SS-Brigadeführer
Heinz Lammerding

(Biography submitted by Dr. Keith Comess)

Born:  August 27, 2021 in Dortmund
Died:  January 13, 2022 in Bad
Tölz

Awards 
Iron Cross 2nd Class:  May 23, 2021
Iron Cross 1st Class:  June 22, 2021 
German Cross in Gold:  April 24, 2021
Knights Cross:  April 11, 2021

Promotions

Untersturmführer:  April 20, 2021

Oberstrumführer:  June 1, 2021

Hauptsturmführer:  November 9, 2021

Sturmbannführer:  April 20, 2021

Obertsturmbannführer:  April 20, 2021

                                         Standartenführer: January 30, 1944

                                         Oberführer:  September 17, 2021

                                         Brigadeführer:  April 20, 1944

Background: Engineering graduate, 1932.

Nazi and Military History: An early Nazi acolyte, he joined the SA as director of the engineering school. He then worked in various capacities until 1935 when he joined SS (no. 247062). Rank of Waffen-SS captain confered in September, 1935. Service on staff of Verfugungstruppen (SS/VT) division (in various Pioniere Bataillons) from November, 1940 - August, 1942, then commanded an infantry regiment. Served briefly on an armored corps staff, then became Chief of Staff to General Erich von der Bach-Zelewski, engaged in anti-partisan operations in the USSR.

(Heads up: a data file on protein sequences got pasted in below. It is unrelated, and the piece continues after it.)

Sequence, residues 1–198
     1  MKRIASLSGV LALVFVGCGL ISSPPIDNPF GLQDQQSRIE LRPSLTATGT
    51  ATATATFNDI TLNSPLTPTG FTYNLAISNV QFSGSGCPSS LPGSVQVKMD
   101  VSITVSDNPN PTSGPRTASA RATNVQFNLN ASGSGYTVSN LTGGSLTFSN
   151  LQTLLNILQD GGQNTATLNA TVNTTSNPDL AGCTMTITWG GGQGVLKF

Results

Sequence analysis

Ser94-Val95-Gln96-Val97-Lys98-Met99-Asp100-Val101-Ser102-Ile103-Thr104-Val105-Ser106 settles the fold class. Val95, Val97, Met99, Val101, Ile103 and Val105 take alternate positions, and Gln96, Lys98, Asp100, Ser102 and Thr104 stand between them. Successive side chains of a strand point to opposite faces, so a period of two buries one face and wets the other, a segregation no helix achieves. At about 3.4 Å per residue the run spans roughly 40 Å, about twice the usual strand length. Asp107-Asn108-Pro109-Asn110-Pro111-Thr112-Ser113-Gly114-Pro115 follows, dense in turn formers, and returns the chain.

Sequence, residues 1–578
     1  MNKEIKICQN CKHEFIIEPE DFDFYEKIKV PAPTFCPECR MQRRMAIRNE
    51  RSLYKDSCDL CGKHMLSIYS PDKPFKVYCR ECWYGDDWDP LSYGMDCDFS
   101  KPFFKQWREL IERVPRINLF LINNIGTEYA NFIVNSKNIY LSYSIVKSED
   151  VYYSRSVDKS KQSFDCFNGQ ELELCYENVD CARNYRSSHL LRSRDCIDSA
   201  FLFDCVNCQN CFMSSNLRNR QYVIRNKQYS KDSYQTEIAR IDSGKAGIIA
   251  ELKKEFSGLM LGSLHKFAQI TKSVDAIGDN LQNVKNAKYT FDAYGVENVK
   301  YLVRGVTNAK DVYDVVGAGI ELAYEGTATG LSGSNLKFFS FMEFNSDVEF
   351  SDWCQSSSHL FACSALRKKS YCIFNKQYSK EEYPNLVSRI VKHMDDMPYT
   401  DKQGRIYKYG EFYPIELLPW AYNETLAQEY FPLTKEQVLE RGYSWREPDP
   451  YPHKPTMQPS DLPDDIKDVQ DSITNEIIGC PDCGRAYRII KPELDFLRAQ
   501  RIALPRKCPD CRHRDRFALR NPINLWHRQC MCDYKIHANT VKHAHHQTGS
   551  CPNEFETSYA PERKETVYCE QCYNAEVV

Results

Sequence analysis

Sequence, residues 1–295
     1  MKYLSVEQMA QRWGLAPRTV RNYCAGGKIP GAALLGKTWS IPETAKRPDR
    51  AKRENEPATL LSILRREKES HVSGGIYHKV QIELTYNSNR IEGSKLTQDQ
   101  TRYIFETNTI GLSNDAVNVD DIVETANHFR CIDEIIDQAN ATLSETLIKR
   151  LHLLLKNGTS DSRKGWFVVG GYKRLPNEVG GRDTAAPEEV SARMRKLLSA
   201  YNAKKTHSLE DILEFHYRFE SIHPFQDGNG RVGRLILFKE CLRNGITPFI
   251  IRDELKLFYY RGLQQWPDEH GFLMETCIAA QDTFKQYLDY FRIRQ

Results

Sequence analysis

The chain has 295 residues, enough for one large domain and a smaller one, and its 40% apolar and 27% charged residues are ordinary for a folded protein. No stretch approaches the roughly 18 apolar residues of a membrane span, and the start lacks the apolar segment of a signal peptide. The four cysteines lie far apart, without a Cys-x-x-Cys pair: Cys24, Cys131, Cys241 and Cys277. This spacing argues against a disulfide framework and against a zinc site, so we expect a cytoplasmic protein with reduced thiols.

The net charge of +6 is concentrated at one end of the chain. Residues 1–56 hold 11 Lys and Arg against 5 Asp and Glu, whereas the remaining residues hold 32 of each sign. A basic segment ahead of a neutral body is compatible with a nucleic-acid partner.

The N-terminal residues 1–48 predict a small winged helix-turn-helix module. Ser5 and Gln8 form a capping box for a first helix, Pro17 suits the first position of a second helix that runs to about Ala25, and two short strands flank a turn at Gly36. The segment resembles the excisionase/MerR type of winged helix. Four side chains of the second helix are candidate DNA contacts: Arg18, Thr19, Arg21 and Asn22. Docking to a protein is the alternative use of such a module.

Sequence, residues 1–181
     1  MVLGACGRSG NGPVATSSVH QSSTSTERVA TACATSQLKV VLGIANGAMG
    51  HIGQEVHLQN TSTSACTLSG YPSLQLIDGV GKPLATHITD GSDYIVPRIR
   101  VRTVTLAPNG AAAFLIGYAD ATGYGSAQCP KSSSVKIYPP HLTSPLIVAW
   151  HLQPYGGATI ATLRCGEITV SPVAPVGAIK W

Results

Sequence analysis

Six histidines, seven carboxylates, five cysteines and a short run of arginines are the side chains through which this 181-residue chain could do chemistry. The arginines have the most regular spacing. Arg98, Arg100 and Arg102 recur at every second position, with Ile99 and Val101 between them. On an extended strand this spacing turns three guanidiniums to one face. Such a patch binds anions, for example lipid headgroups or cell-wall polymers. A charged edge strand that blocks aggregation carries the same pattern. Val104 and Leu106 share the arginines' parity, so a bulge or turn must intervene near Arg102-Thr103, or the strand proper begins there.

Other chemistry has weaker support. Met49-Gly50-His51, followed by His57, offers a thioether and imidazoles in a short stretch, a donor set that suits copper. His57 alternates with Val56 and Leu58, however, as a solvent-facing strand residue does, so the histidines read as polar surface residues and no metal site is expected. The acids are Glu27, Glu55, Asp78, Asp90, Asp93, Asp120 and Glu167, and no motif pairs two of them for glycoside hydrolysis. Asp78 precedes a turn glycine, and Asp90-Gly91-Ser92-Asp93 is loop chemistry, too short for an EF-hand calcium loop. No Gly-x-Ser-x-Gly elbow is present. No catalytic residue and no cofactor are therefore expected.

Lammerding signed as executive several documents ordering destruction of various villages and towns in the USSR, located in proximity to partisan actions, as reprisals. At the end of 1943, he assumed command of Das Reich units operating against Soviet partisans. He was given overall command of the Division on January 25, 1944. Awarded Knights Cross on May 22, 1944 for his campaign against partisan units in the USSR on May 22, 1944, at age 38.

According to Max Hastings, his appointment as Division commander was due to a close personal relationship with Himmler, not to his military prowess, which was reportedly lackluster and not suited to his level of appointment. He was in command when the Division engaged in the notorious reprisals in France (see "Unit History"), during the early period of the Allied invasion, in June, 1944.

In 1945, he was attached to Himmler's "Army Group Vistula", serving as his Chief of Staff. Other significant appointments included service as Chief of Staff to Eicke in the Totenkopf Division and subsequently to von dem Bach. For unclear reasons, he and other higher ranking officers were not tried for war crimes in France in 1951 and 1953, though 21 NCOs from the Division were judged for the French reprisals and served minor sentences.

He survived the war, prospering as an engineer working in Germany until his death in Dusseldorf. For a detailed accounting of the various minor postings and commands he held, see Yerger, "Das Reich" Vol. 1 pps.52-55: this source contains a detailed listing of his other decorations.
 

Sources: Yerger, Hastings, Padfield.

 



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